Continue reading at The Daily Beast...

Comments

Popular posts from this blog

Katie Lee Packs Her Knives: Breaking News from Bravo's "Top Chef"

The android has left the building. Or the test kitchen, anyway. Top Chef 's robotic host Katie Lee Joel, the veritable "Uptown Girl" herself (pictured at left), will NOT be sticking around for a second course of Bravo's hit culinary competition. According to a well-placed insider, Joel will "not be returning" to the show. No reason for her departure was cited. Unfortunately, the perfect replacement for Joel, Top Chef judge and professional chef Tom Colicchio, will not be taking over as the reality series' host (damn!). Instead, the show's producers are currently scouring to find a replacement for Joel. Top Chef 's second season was announced by Bravo last month, but no return date has been set for the series' ten-episode sophomore season. Stay tuned as this story develops. UPDATE (6/27): Bravo has now confirmed the above story .

BuzzFeed: "The Good Wife Is The Best Show On Television Right Now"

The CBS legal drama, now in its sixth season, continually shakes up its narrative foundations and proves itself fearless in the process. Spoilers ahead, if you’re not up to date on the show. At BuzzFeed, you can read my latest feature, " The Good Wife Is The Best Show On Television Right Now," in which I praise CBS' The Good Wife and, well, hail it as the best show currently on television. (Yes, you read that right.) There is no need to be delicate here: If you’re not watching The Good Wife, you are missing out on the best show on television. I won’t qualify that statement in the least — I’m not talking about the best show currently airing on broadcast television or outside of cable or on premium or however you want to sandbox this remarkable show. No, the legal drama is the best thing currently airing on any channel on television. That The Good Wife is this perfect in its sixth season is reason to truly celebrate. Few shows embrace complexity and risk-taking in t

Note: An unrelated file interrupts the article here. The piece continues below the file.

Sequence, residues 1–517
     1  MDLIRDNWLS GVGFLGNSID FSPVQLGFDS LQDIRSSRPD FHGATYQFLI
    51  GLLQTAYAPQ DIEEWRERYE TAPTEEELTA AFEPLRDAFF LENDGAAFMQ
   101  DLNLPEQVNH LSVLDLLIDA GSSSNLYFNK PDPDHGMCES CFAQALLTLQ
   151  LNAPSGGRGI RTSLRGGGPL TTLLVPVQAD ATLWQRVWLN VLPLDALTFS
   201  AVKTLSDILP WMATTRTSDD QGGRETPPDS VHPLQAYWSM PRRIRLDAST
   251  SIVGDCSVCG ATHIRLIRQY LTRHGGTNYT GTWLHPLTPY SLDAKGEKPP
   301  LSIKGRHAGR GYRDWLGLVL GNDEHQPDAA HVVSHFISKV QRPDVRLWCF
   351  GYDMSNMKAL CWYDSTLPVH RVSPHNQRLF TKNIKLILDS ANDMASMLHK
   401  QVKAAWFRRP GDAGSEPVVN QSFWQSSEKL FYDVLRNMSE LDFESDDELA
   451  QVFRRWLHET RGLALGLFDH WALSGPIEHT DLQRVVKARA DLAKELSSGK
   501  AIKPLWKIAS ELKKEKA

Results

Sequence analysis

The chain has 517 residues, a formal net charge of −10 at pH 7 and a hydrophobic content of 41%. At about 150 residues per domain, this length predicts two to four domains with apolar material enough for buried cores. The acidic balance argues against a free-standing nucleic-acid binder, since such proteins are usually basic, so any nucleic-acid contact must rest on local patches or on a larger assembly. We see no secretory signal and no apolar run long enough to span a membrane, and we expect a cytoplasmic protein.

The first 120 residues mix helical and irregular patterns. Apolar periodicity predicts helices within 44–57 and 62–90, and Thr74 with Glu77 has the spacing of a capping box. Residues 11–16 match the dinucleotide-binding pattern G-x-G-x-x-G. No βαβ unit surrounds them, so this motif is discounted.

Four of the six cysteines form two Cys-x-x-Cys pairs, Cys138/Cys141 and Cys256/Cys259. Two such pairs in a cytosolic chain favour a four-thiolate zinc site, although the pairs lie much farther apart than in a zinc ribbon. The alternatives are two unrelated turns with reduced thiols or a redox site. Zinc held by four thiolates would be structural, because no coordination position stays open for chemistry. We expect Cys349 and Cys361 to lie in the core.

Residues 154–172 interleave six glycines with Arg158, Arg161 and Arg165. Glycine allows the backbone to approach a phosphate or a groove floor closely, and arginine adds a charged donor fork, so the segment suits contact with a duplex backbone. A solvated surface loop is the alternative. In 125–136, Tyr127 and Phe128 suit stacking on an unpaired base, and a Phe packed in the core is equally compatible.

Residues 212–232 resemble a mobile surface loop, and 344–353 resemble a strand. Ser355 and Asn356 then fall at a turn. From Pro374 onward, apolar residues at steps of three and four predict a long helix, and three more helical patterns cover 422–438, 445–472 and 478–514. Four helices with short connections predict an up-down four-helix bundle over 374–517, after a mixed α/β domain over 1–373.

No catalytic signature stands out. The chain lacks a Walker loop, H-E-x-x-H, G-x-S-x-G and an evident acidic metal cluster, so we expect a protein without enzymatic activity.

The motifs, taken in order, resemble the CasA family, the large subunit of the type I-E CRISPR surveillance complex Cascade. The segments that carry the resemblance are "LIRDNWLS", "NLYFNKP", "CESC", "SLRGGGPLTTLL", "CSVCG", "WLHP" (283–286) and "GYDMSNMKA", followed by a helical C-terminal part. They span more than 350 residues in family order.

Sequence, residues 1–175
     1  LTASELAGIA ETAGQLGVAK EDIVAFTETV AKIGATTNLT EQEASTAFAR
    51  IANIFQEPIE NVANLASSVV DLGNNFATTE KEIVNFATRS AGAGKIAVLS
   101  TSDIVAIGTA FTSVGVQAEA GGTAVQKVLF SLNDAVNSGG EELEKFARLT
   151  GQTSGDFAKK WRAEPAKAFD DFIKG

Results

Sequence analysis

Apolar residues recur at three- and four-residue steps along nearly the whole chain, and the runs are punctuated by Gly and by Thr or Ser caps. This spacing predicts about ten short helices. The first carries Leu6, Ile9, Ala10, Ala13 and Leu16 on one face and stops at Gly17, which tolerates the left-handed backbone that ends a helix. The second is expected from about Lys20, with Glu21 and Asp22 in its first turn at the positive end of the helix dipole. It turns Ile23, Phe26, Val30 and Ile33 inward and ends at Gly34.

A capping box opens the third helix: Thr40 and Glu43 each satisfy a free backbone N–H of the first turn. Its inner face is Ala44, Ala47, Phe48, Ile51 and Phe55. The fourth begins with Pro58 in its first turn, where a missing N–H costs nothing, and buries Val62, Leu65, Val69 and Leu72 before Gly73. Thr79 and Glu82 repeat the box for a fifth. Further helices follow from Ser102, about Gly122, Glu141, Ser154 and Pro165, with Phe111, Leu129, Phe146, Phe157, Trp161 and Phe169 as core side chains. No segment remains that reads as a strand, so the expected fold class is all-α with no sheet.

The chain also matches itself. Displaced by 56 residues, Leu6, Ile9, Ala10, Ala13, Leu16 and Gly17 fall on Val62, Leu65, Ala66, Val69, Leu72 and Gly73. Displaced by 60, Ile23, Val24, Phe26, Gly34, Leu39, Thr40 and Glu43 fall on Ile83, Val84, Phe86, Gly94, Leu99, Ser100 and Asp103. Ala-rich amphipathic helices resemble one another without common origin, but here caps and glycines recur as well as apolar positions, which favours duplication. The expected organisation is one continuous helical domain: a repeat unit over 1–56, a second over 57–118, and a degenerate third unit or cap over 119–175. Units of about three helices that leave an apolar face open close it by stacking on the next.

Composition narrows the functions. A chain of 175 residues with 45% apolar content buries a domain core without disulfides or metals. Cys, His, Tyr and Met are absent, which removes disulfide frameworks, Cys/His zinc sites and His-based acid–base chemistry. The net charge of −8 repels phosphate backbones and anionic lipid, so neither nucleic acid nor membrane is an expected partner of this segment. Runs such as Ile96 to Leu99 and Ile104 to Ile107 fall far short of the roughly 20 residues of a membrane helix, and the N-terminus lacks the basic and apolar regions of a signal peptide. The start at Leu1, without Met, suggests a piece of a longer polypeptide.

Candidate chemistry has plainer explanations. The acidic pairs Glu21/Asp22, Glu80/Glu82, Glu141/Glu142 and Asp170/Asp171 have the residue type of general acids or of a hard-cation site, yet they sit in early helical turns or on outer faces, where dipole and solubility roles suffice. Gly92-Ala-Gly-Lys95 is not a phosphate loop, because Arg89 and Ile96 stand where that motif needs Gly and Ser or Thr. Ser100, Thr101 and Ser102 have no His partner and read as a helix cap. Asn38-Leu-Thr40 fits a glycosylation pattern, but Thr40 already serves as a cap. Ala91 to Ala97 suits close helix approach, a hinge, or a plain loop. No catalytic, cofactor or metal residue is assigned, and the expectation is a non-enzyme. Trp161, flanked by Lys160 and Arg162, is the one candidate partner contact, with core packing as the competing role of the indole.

BuzzFeed: Meet The TV Successor To "Serial"

HBO's stranger-than-fiction true crime documentary The Jinx   — about real estate heir Robert Durst — brings the chills and thrills missing since Serial   wrapped up its first season. Serial   obsessives: HBO's latest documentary series is exactly what you've been waiting for.   The Jinx: The Life and Deaths of Robert Durst , like Sarah Koenig's beloved podcast, sifts through old documents, finds new leads from fresh interviews, and seeks to determine just what happened on a fateful day in which the most foul murder was committed. And, also like  Serial  before it,  The Jinx may also hold no ultimate answer to innocence or guilt. But that seems almost beside the point; such investigations often remain murky and unclear, and guilt is not so easy a thing to be judged. Instead, this upcoming six-part tantalizing murder mystery, from director Andrew Jarecki ( Capturing the Friedmans ), is a gripping true crime story that unfolds with all of the speed of a page-turner; it